"Enumerable" is Ruby's way of saying that we can get elements out of a collection, one at a time.
e·nu·mer·ate /i?n(y)o?om??r?t/ Verb:
- Mention (a number of things) one by one.
- Establish the number of.
An "enumerator", then, a the tool we can use to get each element out of a collection in this way. Before we go ahead, it's important to understand what
Enumerator are in Ruby terms. Let's look at some examples.
each on the
[4, 8] in this next example, returns an
This is different from how we've been usually using
Enumerable is a module used as a mixin in the
Array class. It provides a number of enumerators like
Enumerable module itself doesn't define the
each method. It's the responsibility of the class that is including this module to do so.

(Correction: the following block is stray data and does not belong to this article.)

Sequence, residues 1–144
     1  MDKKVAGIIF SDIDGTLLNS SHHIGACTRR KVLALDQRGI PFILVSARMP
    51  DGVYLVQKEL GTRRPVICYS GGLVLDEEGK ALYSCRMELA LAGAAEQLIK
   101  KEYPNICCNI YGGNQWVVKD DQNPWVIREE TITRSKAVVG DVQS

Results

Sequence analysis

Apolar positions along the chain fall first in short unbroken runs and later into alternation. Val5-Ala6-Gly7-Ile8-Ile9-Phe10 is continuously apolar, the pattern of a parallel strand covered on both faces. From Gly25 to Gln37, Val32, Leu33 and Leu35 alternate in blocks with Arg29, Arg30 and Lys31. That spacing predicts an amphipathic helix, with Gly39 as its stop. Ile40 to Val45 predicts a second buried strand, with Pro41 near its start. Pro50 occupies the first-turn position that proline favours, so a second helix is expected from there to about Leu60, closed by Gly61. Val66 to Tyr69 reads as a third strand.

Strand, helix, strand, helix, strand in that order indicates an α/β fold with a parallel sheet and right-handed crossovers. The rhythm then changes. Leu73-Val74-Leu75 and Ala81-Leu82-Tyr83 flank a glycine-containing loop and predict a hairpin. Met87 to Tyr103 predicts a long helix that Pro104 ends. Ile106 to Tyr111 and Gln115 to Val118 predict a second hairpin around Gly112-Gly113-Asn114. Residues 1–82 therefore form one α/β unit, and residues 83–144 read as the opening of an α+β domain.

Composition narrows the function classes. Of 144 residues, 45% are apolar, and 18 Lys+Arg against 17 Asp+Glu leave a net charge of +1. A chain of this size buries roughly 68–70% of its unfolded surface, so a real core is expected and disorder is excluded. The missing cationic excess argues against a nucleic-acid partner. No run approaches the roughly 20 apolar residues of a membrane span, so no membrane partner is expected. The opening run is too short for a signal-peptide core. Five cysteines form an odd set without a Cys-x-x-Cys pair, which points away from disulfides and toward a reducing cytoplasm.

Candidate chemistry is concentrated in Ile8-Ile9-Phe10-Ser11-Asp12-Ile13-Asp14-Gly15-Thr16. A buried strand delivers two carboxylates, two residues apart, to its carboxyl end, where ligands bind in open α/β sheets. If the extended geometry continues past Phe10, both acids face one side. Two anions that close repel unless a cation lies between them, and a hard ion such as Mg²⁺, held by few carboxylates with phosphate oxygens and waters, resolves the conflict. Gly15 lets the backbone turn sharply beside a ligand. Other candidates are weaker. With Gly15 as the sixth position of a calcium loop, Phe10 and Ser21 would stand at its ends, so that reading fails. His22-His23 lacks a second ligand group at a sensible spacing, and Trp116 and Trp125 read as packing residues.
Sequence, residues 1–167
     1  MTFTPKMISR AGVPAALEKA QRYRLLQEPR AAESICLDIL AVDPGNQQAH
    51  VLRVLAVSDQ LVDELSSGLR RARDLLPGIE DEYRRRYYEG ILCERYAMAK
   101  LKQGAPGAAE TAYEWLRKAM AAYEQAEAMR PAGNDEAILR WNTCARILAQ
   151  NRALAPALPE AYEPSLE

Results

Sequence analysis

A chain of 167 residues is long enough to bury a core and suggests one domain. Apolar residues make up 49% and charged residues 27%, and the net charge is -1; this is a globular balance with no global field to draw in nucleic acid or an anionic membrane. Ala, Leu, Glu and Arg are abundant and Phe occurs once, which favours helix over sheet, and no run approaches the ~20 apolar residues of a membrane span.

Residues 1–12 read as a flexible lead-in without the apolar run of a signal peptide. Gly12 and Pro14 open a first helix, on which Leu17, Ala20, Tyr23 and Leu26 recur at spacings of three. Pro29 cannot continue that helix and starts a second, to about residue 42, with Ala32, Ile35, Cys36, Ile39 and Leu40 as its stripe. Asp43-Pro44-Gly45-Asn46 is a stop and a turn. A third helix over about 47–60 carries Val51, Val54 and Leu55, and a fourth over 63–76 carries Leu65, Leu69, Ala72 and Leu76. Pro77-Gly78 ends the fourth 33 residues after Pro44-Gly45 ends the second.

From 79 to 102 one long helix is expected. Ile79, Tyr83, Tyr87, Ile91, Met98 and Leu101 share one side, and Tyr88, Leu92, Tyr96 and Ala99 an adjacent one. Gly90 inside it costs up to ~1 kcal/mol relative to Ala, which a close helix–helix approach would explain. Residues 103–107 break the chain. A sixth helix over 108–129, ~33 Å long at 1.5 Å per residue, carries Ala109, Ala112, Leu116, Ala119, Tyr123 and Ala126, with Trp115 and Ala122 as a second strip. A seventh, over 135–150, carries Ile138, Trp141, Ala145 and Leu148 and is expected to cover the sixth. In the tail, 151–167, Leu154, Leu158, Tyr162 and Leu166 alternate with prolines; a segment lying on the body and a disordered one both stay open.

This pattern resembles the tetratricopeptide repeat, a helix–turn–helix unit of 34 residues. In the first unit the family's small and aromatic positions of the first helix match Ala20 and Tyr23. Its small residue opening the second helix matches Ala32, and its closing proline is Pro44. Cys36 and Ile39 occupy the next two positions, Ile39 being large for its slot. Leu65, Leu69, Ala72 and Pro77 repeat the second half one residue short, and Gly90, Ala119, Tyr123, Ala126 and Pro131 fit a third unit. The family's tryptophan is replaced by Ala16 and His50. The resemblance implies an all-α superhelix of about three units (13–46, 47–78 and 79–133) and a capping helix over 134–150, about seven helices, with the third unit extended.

Array class, consequently, defines the
each method. It returns an object of the type
Enumerator when no block is given (like our first example). It yields a value of the type
self when there is one (the original array in the next example).
What's the point of returning the
Enumerator is an objectification of enumeration. The point of these methods returning these enumerators is to allow us to chain operations indefinitely and make more heavy-duty collections.
Here we chain the initial
each_with_index enumerator with
select to build an enumerator that returns an array of elements whose values are smaller than their index positions.
Arrayclass through which you can call a block with two arguments: the element and its index. It should return an
Enumeratorobject if no block is given, an
Enumerableclass and learn how and when to make use of these collections.